-One of the unintended perks of writing a craft beer blog is that anytime I have a get together my friends try to impress me with their beer selections. I had a few friends over for a BBQ at the end of the summer and the coolers (and eventually my beer fridge) ended stocked with beers from Ballast Point, Jack’s Abby, Allagash, Trillium, Notch and Riverwalk.

long-live-ipa-My friends Tim and Amanda drove up from Providence stocked up with Rhode Island beers that haven’t made it into Massachusetts yet. One of the highlights was definitely a couple growlers from Long Live Beerworks in Providence. Their IPA was very good and the session IPA was exceptional, one of the better SIPAs I’ve tried. Keep an eye on this brewery, I expect big things based on my first tastes.

-Overall I am a big fan of the industry shift towards cans, they are portable, no need to track down a bottle opener, and 16 oz. tallboys are an ideal serving size. The one negative is for homebrewers (like me), who relied on cleaning bottles to save a few bucks at the homebrew store. So many of the beers I buy are in cans now, so I find myself buying cases of empty bottles. I would love to keg my homebrew, but I haven’t gotten the approval from the boss to buy that system, plus it makes it harder to share/do a split batch with a friend.

-I think that all bottles and cans should have packaged-on dates, it’s especially important with hoppy beers but a good habit for brewers. That being said, I am terrible about checking the dates before I buy beer. There have been a few occasions recently where I’ve been disappointed by a beer and then checked the date and realized it’s well past it’s peak. Some of this is on bottle shops that need to keep better inventory, but way more is on me for not checking before I buy.

-As the local beer market gets more crowded between new breweries opening locally and more competition moving in from out of state, consistency and quality control become paramount to a brewery’s success. I’ve recently opened beers that have been completely flat or clearly oxidized. I have also a particular beer on different occasions and had it taste so different that I wondered if the batches were brewed with the same recipe. When I have these negative experiences it drastically lowers the chance that I’ll keep buying beers from the offending brewery. Brewers need to realize that one bad batch can alienate hundreds of potential customers and do everything in their power to maximize quality control.

-That’s all for today, let me know what you think of the new article style and I’ll try to make this a somewhat regular feature!

 

 

 

 

Lost Nation The Wind

Many beer geeks have spent the last couple years frequently pontificating that sour beers are the “next IPA”. I think this is an incredible over-statement, while many sour beer styles have increased in popularity and production they still have a long way to go to catch up to the volume and selection provided by the hop bombs. I still have mixed feelings on sour beer styles (just to clarify “sour” isn’t a style, it’s a flavor that can be found in many different styles of beer). I’ve really enjoyed some complex wild ales and other styles where the tartness complements other flavors, I am still put off by the beers that pucker your tongue without anything to offset the sour flavor. One intriguing, and in no way surprising, newer trend is dry-hopped sour beer styles. The citrus and tropical fruit flavors and aromas from New World hop varieties in particular can provide an interesting counterpoint to the acidity in many sour styles. One example I sampled recently is The Wind from Lost Nation Brewing in Morristown, VT. Lost Nation brews a variety of styles with a focus on less-appreciated European classics. One of their best known beers is their Gose, a traditional tart German style brewed with salt and coriander. The Wind is a version of this gose brewed with grapefruit and dry-hopped with Citra hops.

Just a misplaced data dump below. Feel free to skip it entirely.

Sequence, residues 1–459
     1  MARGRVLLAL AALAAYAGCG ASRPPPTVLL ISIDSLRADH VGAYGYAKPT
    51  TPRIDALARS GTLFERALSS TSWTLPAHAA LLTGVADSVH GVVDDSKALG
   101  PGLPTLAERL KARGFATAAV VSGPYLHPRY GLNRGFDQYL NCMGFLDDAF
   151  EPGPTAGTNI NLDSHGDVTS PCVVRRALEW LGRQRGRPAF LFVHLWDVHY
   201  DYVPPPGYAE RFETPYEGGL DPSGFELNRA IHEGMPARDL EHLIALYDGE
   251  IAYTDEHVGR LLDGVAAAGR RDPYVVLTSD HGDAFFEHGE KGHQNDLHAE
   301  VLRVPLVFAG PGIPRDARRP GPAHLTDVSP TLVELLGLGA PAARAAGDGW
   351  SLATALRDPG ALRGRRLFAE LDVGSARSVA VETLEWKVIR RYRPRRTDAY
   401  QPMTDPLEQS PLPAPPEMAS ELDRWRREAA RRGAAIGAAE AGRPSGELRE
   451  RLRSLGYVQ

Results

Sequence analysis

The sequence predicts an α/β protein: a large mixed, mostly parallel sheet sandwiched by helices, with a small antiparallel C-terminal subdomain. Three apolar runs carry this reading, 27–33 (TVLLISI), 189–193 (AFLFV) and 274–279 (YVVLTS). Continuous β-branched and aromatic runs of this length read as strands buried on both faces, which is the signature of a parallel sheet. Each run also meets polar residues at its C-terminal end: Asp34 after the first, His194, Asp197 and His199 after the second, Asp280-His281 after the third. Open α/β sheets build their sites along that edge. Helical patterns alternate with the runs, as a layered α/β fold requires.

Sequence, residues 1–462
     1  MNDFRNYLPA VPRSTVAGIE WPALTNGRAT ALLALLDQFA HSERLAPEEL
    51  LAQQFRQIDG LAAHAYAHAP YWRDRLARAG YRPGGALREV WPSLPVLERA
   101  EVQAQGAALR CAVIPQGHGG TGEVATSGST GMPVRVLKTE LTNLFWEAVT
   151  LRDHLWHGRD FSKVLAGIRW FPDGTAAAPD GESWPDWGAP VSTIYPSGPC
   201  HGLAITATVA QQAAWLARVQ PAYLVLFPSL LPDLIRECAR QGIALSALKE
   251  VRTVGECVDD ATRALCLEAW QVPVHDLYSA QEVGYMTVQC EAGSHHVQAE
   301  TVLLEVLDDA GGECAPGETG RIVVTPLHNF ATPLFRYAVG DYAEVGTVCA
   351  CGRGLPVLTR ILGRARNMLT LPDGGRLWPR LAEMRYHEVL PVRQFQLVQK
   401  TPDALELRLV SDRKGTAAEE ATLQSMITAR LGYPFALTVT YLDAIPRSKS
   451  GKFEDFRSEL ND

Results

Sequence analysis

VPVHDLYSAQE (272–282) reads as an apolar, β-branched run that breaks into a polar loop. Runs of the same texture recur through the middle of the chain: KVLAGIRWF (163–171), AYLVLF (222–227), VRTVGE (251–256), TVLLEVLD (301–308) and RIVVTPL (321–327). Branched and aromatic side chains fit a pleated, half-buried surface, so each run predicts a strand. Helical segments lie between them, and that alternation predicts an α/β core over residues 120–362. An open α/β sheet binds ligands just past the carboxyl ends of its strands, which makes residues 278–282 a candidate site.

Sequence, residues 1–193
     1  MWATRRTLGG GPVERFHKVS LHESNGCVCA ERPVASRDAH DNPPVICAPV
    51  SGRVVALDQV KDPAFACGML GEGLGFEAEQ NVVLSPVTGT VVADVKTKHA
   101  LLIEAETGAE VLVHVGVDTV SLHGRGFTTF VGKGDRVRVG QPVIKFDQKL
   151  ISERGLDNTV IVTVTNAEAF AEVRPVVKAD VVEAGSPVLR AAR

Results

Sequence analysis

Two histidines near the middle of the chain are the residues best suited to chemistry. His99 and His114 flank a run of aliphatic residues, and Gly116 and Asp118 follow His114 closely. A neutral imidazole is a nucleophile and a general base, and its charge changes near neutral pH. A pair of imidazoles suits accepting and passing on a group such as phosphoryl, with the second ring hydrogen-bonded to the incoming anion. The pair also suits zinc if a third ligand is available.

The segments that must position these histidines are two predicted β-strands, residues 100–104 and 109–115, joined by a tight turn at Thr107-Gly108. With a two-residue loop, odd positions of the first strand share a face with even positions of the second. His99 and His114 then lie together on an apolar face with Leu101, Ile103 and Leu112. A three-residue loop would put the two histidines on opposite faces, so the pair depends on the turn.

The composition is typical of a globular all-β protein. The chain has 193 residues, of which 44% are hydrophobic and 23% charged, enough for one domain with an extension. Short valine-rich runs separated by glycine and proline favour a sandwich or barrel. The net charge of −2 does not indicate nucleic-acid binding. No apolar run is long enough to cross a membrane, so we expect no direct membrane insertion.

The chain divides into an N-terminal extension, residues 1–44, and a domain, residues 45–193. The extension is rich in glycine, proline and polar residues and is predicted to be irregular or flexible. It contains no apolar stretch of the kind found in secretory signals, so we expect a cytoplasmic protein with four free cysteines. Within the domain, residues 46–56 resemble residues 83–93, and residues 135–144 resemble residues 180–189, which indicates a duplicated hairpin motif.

lost-nation-the-windLost Nation The Wind pours a hazy bright yellow with a massive white head. The scent is mostly citrus hops and grapefruit. The flavor is more complex. The grapefruit is well represented and the hops add notes of orange, lemon and lime. This complements the mild tart bite from the fermentation along with a subtle salinity that is unique to the gose style. A light malt backbone rounds out the flavor with hints of wheat bread and crackers. The Wind is light, easy to drink and sessionable at 4.5% ABV. The finish is crisp, dry and refreshing, a perfect beer for the last warm days before the cold weather returns. I am still a little wary of mixing hoppy and sour beers, but this beer definitely works. Hoppy Boston score: 4.5/5.

Foundation Wanderlust